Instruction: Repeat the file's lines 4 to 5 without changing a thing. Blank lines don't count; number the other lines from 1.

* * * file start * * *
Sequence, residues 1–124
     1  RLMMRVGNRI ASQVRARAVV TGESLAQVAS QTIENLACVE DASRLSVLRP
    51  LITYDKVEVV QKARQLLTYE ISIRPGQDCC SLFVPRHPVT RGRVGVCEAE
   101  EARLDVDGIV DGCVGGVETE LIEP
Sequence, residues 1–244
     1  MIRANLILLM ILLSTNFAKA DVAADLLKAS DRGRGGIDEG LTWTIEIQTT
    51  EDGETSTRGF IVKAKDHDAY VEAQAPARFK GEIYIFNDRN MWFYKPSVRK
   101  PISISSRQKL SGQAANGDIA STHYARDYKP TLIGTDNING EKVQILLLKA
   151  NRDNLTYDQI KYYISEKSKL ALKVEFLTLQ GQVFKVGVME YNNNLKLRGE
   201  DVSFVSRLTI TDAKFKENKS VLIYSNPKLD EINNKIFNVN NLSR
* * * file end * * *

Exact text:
   101  EARLDVDGIV DGCVGGVETE LIEP
Sequence, residues 1–244